- The Washington Times - Sunday, February 16, 2003

She ascended to the highest leadership position ever held by a woman in her party in the House of Representatives.
She falls into the philosophical minority of her party but is charged with keeping an often combative and fractious coalition together.
And she'll be closely watched by Capitol Hill insiders and the public.
Rep. Deborah Pryce, Ohio Republican and new chairman of the House Republican Conference, stands as a stark counterpart to House Democratic Leader Nancy Pelosi of California.
While the similar timing of their promotions to party leadership positions this year is coincidental, Republicans still searching to make inroads to the so-called suburban "soccer mom" vote must be pleased with the timing of their choice.
"I think it's a good thing, certainly," Ms. Pryce said. "Both parties need to reflect America, and you can't reflect that if you don't have both genders in leadership. It does balance [with the Democrats], and it's an important thing for people to see women in roles of significance in all aspects of our society."
Conservatives are more concerned with how she performs as House Republicans' No. 1 voice to the news media. Ms. Pryce is, by far, the least conservative member of the leadership team, headed by firebrand House Majority Leader Tom DeLay of Texas.
"I was surprised at first by her ascension," said Danielle Doane, director of House Relations for the Heritage Foundation. "I thought [Republicans] would want someone a little more conservative, which has been the trend in leadership."
Miss Doane said conservatives outside Washington "don't understand what she brings to the table" a career-long skill at solidifying relationships among the factions of the party.
"She's a coalition builder and has the ability to reach out to many different sectors," Miss Doane said.
Ms. Pryce is not exactly untested in the party's leadership, having served as top deputy in the House Republican Conference in the last Congress. But she hardly has been a reliable conservative vote, earning a lifetime rating of only 75 from the American Conservative Union and supporting two of five bills last year considered important to NARAL-Pro Choice America, which unconditionally supports abortion.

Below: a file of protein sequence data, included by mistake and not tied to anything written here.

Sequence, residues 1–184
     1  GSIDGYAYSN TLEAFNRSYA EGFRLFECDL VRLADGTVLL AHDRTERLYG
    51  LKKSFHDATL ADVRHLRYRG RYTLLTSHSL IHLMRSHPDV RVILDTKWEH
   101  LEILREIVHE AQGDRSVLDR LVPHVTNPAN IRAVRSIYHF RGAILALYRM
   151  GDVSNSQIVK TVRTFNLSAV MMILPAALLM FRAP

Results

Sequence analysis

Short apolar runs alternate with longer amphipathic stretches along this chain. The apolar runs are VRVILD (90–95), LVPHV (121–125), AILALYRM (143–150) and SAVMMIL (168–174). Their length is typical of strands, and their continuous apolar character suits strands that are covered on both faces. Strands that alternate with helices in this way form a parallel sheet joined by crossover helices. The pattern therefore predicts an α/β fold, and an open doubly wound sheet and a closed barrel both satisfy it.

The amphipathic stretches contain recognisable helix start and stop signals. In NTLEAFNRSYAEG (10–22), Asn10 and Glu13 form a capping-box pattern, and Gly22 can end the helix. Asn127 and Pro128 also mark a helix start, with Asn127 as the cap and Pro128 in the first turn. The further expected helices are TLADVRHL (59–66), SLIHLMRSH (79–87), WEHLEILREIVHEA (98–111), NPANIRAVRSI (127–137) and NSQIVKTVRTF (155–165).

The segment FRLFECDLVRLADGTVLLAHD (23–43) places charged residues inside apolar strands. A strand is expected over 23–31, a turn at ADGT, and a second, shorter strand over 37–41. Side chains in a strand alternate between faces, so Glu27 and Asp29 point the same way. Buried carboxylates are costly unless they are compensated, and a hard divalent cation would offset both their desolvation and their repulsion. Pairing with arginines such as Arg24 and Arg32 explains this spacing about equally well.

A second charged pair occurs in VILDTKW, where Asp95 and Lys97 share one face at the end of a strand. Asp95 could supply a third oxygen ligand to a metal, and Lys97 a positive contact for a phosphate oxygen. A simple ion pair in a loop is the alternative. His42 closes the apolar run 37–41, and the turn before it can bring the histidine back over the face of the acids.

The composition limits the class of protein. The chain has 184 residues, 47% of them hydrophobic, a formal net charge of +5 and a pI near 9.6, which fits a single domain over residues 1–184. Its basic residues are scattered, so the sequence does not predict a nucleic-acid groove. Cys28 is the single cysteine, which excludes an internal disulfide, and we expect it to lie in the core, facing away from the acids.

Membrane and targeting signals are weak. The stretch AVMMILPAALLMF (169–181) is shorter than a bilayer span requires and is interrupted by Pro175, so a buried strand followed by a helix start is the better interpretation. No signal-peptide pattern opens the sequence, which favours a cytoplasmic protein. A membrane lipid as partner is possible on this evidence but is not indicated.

"Frankly, looking at Congress, it's good that they have someone with a more moderate view in there," Miss Doane said. "You have to have someone that the more moderate wing can turn to."
More conservative members of the House will be ready to pounce on their new conference chairman, if only behind the scenes, should the agenda stray too far from their ideological preference.
"I expect it," Ms. Pryce said. "It's just a way of life in politics. One hundred percent of people aren't going to agree with you all the time. Even DeLay gets flak from the conservatives sometimes. But I'll be a spokesman for all the party."
Keeping the Republican caucus together has not been easy. Ms. Pryce chalked that up to a lack of communication that leads politicians to feel out of the loop. Keeping that from happening in this important legislative year will be among the most challenging aspects of her job.
"If people know what's going on and understand the reasons behind things, there's a lot less grumbling," Ms. Pryce said. "And a lot of times, that level of communication is lacking. You'd be surprised how many [legislators] are surprised" by the legislative calendar.
"It's easier to get to the bottom of concerns if everybody knows as much as they possibly can as early as they can," she said.
To help facilitate that understanding, Ms. Pryce has helped organize a Republican retreat in February at the Greenbriar resort in West Virginia with House and Senate leaders to unify the party's message and agenda.
"We're going to do more than just socialize together," Ms. Pryce said. "We are going to have corresponding committees meet together and have the Senate and House members try to find ways to learn about the difficulties in each body and understand where the sticking points are for each other so we can get strategies that work better."
First on the agenda will be passing President Bush's tax cut to stimulate the economy, and working on medical liability reform the two agenda items, besides Iraq, that Mr. Bush has emphasized on recent road stump speeches.
Democrats on Capitol Hill have been aggressive since the year started, holding nearly daily news conferences to counter the Bush agenda before it's even formally presented. But Ms. Pryce said she is not worried about her party's being put on the perpetual defensive.
"I think that we will be very forthcoming with the press when we have something to say," Ms. Pryce said "Right now, things are in a planning mode. President Bush has the megaphone, and you will see an aggressive and diligent House Republican Conference when it comes to getting our agenda passed in a timely fashion."

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